How to Build Natural Stone Cladding on a Concrete Block Wall

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Though concrete blocks are used to create strong, long-lasting structures that meet a number of residential and business needs, they're often finished in some manner to create an attractive facing. One finish that's popular is natural stone cladding. By adding a natural stone cladding you create the appearance of a wall built entirely of that natural stone. It's a way of enjoying the beauty of natural stone while applying just thin stone slices to the block wall surface for a tremendous cost savings.

Cover the surface of the blocks with 3.4 expanded metal lath, a metal mesh created from an expanded perforated metal sheet. Overlap the lath where the sheets join, overlapping 6 inches on vertical seams and 2 inches on horizontal seams. Cut the lath where necessary, using tin snips, and attach the lath to your installation surface using 3/4-inch steel hardened concrete nails.

Mix a thin mortar to the consistency of a thick batter in a bucket using an electric drill with a paddle-bit attachment. Spread the mortar over the lath, covering the surface completely until you have a level layer over the lath. Cover the mortar with a series of scratches using a mason's scratcher to create a scratch-coat surface suitable for the adherence of the adhesive for the stones. Wait 48 hours for the mortar to dry.

Mix a second batch of mortar, this time the consistency of peanut butter. Attach the stones to the scratch coat of mortar by spreading the mortar along the rear of the stones and pressing the stone onto the wall. Mount the stones beginning at the top of the wall and working your way to the base in rows. Wiggle the stone slightly during attachment to help bond the two mortar layers. Place the stones covering the entire surface, cutting them when needed with a wet saw. Wait an hour for the mortar to dry, holding the natural stones in place.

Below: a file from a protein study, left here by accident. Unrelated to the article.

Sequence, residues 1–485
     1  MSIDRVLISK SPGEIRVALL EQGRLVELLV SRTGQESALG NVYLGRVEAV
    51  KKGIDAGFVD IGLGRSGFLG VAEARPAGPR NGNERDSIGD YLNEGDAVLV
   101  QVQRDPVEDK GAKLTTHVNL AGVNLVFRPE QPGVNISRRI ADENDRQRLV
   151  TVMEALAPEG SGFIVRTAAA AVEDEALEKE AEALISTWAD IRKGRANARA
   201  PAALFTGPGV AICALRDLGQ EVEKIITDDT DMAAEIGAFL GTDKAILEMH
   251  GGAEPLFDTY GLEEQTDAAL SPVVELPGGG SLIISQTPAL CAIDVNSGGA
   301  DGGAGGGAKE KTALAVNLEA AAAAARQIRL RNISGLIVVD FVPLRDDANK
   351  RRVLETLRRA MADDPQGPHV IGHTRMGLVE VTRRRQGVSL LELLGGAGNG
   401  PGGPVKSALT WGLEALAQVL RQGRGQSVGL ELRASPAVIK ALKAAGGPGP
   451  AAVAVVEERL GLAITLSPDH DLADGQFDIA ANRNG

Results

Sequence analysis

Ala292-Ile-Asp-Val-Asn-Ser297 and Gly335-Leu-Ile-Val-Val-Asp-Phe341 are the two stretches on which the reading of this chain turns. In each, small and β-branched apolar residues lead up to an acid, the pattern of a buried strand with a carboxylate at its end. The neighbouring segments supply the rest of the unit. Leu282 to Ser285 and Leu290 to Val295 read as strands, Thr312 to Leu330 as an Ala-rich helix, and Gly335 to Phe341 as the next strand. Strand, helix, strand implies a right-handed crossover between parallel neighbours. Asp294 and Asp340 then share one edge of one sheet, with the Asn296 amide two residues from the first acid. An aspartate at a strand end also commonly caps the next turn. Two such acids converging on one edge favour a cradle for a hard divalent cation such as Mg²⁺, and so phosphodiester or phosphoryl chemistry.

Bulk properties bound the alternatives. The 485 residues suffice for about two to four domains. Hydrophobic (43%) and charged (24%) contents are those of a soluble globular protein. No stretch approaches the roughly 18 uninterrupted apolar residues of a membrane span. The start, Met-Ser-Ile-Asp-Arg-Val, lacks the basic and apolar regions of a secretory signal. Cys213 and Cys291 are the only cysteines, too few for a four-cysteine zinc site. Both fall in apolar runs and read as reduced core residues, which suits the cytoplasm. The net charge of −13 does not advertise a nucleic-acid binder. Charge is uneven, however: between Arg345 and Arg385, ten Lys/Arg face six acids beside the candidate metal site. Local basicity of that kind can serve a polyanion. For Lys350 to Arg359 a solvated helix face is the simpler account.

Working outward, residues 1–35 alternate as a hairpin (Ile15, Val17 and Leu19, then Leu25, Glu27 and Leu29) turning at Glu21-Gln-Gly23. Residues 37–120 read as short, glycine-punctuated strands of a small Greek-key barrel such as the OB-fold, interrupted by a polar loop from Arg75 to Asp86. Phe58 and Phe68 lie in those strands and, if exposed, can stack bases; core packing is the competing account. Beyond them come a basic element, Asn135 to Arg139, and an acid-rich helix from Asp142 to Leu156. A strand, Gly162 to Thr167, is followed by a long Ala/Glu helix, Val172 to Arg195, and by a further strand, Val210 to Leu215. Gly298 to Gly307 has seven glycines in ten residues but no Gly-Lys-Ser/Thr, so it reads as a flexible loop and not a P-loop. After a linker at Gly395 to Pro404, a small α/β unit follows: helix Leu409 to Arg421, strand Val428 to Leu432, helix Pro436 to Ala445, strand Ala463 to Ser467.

Use a rounded stick to push mortar into the joints between stones to the base of the stones on the blocks. Remove any excess mortar by raking it out with the stick end. Remove the excess mortar from the surface of the stones using a wire brush.

Grout the joints between the stones if desired, using a grout bag. Make a hole in a corner of the bag about 5/8-inch wide and push the nozzle through the hole. Fill the bag to the halfway mark with a grout made of 1 part Portland cement and 2½ parts sand. Roll the bag from the end tightly. Place the nozzle of the bag into the joint and squeeze the body of the bag to push the grout into the joints between the stones to the level desired. Allow the grout and mortar 10 days of drying time.

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